It's good to be king, if just for a while
To be there in velvet, yeah, to give 'em a smile
London, England - 1498
He's a scrawny lad with a mane of matted brown hair and hazel eyes that are too big for his narrow face. Fat Bess the cook calls him Hatchet Face. The madame, Mistress Hawkins, calls him Mongrel and Cur. The whores just call him Boy.
But he has a name. He knows he has because Molly, the red-headed whore, told him so. Last winter, on a day that hadn't seemed any different from the others, she had given him a sweetmeat pie and chucked him under the chin.
"'Tis a special day, Boy. Do you know why?" He dumbly shook his head, eyes the size of windowpanes.
"'Tis the king's birthday, his Grand Majesty his self."
She had cocked her lovely face to the side like an inquisitive wren. For the rest of his long, long life the boy would do the same whenever he was feeling overwhelmed.
"You're a lucky lad, Boy, to be named after him. It's a good king he is, our Harry."
Harry. Henry. Hal. He has used them all at some point, but inside he is still Boy. Each name is someone different. Harry is vicious and cruel. Henry is urbane and condescending. Hal has a conscience. He remembers lovely Eleanor, all of fourteen, asking him why, sir, why. He had leant in close to her delicate, shell-like ear. He'd wanted to tell her, 'Of all the people I've been, of all the lifetimes I've lived, I'm so sorry you had to find yourself in this one', but really, what was the point? She had screamed for one short moment before he'd torn her throat out.
Five years later, Molly is the last of the six whores to die, her head caved in by a boot heel. The boy is the one to find her. He wraps her broken face in a bit of old petticoat and cries in the corner for hours. He never found out which whore was his mother, but now he knows for certain that he is an orphan. He is fourteen. At least he thinks he's fourteen, there's no way of really knowing and it doesn't really matter. Sitting on the filthy floor of an empty brothel, the boy thinks he knows more about suffering than any other of God's own creatures. In a century or two he will laugh at himself.
It would shock more than a few to discover that the boy dies a virgin. He has offers of course, being a likely looking lad, but he's seen all that is foul and vicious about the act of intercourse and no amount of perfume or face paint can disguise the slow rot of Death or tempt him into its bed.
It is 1503 and with the Dutch and Portuguese making enormous strides in maritime technology and trade, the English are left to play catch up at their own expense. New ships are pushed out onto the Thames every month and there is a conspicuous lack of bodies to man them. Good King Harry's Navy is desperate to recruit sailors, not much caring how it's done. There's a lot of money in men, so when four sailors corner the boy outside a rat infested dockside tavern and beat him until he losses consciousness, not a soul says a word.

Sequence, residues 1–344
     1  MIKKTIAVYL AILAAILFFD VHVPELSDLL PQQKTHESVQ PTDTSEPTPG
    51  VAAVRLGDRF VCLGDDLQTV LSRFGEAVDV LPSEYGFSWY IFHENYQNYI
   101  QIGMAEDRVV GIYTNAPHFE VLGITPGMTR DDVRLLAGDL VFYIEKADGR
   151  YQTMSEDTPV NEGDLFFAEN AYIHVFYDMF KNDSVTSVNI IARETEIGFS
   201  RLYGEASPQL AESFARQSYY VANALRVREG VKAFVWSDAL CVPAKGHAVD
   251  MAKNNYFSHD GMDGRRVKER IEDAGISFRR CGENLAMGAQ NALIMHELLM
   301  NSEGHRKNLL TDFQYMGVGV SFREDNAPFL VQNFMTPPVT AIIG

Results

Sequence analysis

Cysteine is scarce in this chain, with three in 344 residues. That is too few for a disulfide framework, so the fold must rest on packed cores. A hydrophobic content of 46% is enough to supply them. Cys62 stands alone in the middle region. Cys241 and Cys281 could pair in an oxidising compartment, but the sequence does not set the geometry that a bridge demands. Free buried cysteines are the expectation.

He hates the navy more than he's hated anything in his short life. The men are cruel and the officers are worse. When his ship comes into port in Italy, the boy throws himself from its decks and swims for shore. The sea is dark and angry and he is not followed. It takes him most of the night to beat back the crushing waves and reach the Italian shore. As the sun rises over the pale houses and red roofs of Naples, he feels hopeful for the first time in as long as
he can remember.
It doesn't take him long to realize Naples is no different from London in the ways that really matter. His water-logged boots are stolen off him as he sleeps in a doorway that first night and when he tries to get them back the half-starved thief presses a sliver of a blade beneath his right eye and screams like a wild animal. The boy will one day be able to dress himself in silk and gold, but he will always carry that tiny scar on his cheek, a reminder of what he might have become.
He spends the next eleven years wandering through Europe. He works as a farm hand in Switzerland and a fisherman in Greece. In this age of the village and the feudal lord, any stranger is looked on with suspicion and distrust. He is called gypsy and beggar and never stays in one place for too long.
One night in Saxony he discovers he has a talent for killing. He is trying to spend his pay on a stein of the thick local brew, when a mountain of a man grabs him by the shoulder and pulls him backward off the low bench. He lands hard on his back, beer covering his face and front. The mountain is shouting accusingly at him in German and the boy pulls his eating knife from his belt and calmly severs the big man's femoral artery. The mountain bleeds out like a pig on the tavern floor and the boy makes his exit surrounded by stunned silence.
The boy joins a mercenary force and fights in various squabbles between Germanic princes and eastern tribesmen, hacking at limbs and growing into a man.
The Battle of Orsha takes place on September, 8 1514 in what is today Belarus and it will be largely forgotten by most of the world. The boy is now a man of twenty-five or thereabouts and he figures he's only survived this long by force of habit. The battle is short and the man's part in it is even shorter. He is run through by a Muscovite lance on the very first charge and spends the rest of the battle dying slowly in the snow. By the time the Polish surgeon discovers him on his battlefield rounds, the man is only nominally alive. The surgeon asks him a question - the question, really - and the man looks up at the darkening sky, trying to think of a reason to say no.
When he finally wakes up, the surgeon pounds him on the back, offers him a tin mug of blood and asks him, "Co masz na imię?" What is your name?
Like the king.
Lyric - "It's Good To Be King" by Tom Petty